Giulia Sajeva, Researcher, Department of Culture and Society, Università degli Studi di Palermo, Italy
Sanita van Wyk, Lecturer, Tilburg Law School, Tilburg, The Netherlands
The quality of the editorial board, which is made up of leading scholars with outstanding international reputations, ensures that this journal will make a unique contribution to an informed understanding of the relationship between human rights and the environment.
Upendra Baxi, Professor of Law in Development, University of Warwick, UK and University of Delhi, India
Klaus Bosselmann, Professor of Law, University of Auckland, New Zealand
Sean Coyle, Professor of English Law, University of Birmingham, UK
Bharat Desai, Jawaharlal Nehru Chair in International Environmental Law, Jawaharlal Nehru University, New Delhi, India
Qun Du, Professor of Law, Deputy Director, Research Institute of Environmental Law, Wuhan University, PRC
Kevin Gray, Professor of Law and Dean of Trinity College, Cambridge, UK; Professor of Law, National University of Singapore
Parvez Hassan, Senior Partner, Hassan and Hassan, Pakistan
Yuji Iwasawa, Professor, Chair of International Law, University of Tokyo, Japan
Sarah Joseph, Professor of Law, Director of the Castan Centre for Human Rights Law, Monash University, Australia
Patricia Kameri-Mbote, Professor of Law, Strathmore University, Nairobi, Kenya
Bronwen Morgan, Professor, Australian Research Council Future Fellow, UNSW Law, Sydney, Australia
Karen Morrow, Professor of Environmental Law, University of Swansea, UK
Bradford Morse, Dean and Professor of Law, Thompson Rivers University, Canada; Professor of Law, University of Waikato, New Zealand; Professor Emeritus, University of Ottawa, Canada
Andreas Philippopoulos-Mihalopoulos, Professor of Law and Theory; Director of the Centre for Law and Theory, University of Westminster, UK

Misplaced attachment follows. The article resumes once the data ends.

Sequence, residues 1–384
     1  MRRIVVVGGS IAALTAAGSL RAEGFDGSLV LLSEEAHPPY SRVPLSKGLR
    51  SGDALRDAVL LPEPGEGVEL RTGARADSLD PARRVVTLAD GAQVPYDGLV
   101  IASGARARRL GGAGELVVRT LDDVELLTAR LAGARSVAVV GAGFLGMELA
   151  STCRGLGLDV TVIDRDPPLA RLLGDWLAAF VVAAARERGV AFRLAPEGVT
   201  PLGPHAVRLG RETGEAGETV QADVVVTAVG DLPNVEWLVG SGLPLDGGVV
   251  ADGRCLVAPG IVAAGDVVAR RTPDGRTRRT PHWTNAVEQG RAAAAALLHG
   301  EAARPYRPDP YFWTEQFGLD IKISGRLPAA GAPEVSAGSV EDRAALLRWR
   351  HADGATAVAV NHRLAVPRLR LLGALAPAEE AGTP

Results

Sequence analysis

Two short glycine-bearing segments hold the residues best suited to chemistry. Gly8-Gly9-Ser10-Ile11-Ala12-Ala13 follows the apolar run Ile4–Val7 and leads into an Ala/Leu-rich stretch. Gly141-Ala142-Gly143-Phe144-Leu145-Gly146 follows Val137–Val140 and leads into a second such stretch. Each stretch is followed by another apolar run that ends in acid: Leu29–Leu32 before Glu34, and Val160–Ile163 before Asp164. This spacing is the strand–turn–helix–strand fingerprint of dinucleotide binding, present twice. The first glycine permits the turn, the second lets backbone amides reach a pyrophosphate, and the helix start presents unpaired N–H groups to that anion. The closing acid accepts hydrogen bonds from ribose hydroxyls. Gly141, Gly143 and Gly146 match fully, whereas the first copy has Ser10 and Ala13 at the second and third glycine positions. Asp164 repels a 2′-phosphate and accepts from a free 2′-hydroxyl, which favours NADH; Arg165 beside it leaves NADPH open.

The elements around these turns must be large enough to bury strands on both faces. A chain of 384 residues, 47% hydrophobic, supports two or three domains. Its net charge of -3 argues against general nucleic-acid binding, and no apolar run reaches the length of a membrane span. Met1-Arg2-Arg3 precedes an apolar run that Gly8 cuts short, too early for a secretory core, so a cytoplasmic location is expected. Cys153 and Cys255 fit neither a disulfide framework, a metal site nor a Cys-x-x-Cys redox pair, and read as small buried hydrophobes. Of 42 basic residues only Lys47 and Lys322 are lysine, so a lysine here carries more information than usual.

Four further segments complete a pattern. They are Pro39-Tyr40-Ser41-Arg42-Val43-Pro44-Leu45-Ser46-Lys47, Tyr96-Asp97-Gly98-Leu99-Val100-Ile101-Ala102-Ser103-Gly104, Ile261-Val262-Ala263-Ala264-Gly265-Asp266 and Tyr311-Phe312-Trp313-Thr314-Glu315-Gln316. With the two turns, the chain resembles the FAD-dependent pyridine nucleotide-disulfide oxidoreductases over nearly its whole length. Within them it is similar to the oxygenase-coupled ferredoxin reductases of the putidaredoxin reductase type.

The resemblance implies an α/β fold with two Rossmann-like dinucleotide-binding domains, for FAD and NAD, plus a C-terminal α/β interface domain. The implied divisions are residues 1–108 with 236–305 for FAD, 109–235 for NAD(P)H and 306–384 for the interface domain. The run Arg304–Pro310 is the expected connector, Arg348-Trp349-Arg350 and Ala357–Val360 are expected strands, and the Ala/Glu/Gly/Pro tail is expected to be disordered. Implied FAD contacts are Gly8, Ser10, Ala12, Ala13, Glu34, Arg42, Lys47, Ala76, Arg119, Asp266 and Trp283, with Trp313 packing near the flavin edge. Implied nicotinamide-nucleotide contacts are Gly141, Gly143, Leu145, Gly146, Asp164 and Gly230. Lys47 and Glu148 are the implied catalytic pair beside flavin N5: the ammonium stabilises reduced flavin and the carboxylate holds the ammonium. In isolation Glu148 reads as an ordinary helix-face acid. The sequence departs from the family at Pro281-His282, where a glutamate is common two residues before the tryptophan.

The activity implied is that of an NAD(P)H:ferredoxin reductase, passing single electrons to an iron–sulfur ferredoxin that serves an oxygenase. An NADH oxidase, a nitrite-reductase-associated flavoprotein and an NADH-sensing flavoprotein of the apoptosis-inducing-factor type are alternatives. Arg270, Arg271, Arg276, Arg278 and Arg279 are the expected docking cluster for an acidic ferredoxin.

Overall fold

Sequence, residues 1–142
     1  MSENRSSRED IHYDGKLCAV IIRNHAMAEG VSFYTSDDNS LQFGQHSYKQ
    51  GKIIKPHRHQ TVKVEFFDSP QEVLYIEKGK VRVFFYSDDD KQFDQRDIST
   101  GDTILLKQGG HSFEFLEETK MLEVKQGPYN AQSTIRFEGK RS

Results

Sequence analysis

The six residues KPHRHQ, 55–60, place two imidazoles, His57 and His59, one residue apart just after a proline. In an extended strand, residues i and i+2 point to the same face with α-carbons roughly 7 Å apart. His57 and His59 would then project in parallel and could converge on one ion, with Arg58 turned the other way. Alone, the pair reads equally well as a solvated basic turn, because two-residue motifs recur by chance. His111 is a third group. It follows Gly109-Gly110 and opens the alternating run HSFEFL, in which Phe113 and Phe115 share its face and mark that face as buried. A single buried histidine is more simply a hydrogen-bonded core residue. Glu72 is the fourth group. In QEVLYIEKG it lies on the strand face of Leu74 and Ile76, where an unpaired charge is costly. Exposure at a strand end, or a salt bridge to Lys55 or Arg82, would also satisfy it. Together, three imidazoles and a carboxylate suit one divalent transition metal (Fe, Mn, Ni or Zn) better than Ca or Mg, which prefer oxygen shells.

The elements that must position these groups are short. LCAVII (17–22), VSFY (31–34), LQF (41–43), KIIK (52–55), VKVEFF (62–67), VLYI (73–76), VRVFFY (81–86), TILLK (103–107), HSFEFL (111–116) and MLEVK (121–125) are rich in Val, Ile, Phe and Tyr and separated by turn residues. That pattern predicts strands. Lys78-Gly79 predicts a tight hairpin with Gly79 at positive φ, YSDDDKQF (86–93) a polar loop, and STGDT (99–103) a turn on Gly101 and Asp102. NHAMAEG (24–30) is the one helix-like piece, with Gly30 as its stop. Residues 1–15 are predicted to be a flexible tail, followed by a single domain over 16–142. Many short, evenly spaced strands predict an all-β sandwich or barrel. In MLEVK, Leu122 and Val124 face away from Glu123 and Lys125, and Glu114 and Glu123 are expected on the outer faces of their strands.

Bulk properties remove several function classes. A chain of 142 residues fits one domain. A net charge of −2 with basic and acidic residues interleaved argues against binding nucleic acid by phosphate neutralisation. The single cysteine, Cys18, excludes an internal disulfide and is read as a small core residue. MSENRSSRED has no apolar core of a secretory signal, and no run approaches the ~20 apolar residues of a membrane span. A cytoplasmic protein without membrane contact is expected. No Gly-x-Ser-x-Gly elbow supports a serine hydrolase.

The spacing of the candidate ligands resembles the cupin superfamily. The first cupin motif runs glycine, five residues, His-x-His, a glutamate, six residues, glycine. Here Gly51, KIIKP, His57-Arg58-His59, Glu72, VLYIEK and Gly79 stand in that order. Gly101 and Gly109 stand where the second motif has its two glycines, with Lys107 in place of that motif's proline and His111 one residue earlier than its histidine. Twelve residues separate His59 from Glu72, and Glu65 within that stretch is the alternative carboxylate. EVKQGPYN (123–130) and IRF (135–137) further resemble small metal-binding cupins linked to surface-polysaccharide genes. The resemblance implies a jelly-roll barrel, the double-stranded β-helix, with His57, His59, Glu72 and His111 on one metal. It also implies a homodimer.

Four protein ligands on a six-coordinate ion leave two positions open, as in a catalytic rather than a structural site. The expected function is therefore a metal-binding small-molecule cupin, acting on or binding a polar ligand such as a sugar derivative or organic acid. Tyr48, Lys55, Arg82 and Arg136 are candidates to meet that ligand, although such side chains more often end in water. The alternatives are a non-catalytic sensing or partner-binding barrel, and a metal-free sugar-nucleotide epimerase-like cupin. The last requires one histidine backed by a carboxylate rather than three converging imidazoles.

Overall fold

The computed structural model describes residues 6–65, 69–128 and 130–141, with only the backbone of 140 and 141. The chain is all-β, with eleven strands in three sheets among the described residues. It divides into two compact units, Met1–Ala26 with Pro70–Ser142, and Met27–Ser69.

Benjamin J. Richardson, Professor of Environmental Law, University of Tasmania, Australia
Philippe Sands QC, Professor of Law, University College London and Matrix Chambers, UK
Dinah Shelton, Professor of International Law, George Washington University, US
Jenny Steele, Professor of Law, Director of Research, York Law School, University of York, UK
Jonathan Verschuuren, Professor of Law, Tilburg University, The Netherlands
Christina Voigt, Professor, Department of Public and International Law, University of Oslo, Norway
Call for Papers and Author Guidelines
JHRE is a bi-annual journal covering the links and tensions between human rights and environmental issues, regulation and rights. The journal is widely recognised by international scholars for its intellectual quality, relevance and for the depth of its contribution to the vital search for new ways of negotiating the human-environment interface. The journal publishes a wide range of scholarly contributions - from top quality doctrinal scholarship to outstanding critical theoretical examinations of its themes.
The editors seek high quality contributions of between 8,000-12,000 words from academics, practitioners and activists working either field. The journal focuses on original research, articles, commentaries and book reviews and is aimed predominantly at academics and intellectuals working in the public sphere, engaged with the issues. The contributions are double-blind peer-reviewed prior to acceptance for publication.
The journal has published leading scholars such as Dinah Shelton, Christopher Stone, Mary Warnock, Ngaire Naffine, Peadar Kirby, Upendra Baxi, Laura Westra, David Kinley, Lorraine Code, Andreas Philippopoulos-Mihalopoulos.
All submissions are double-blind peer reviewed. The JHRE welcomes a wide range of approaches, critical, doctrinal and practice-facing—and welcomes contributions from any academic discipline.
Papers outside of these themes but which fall within the scope of the journal are also invited.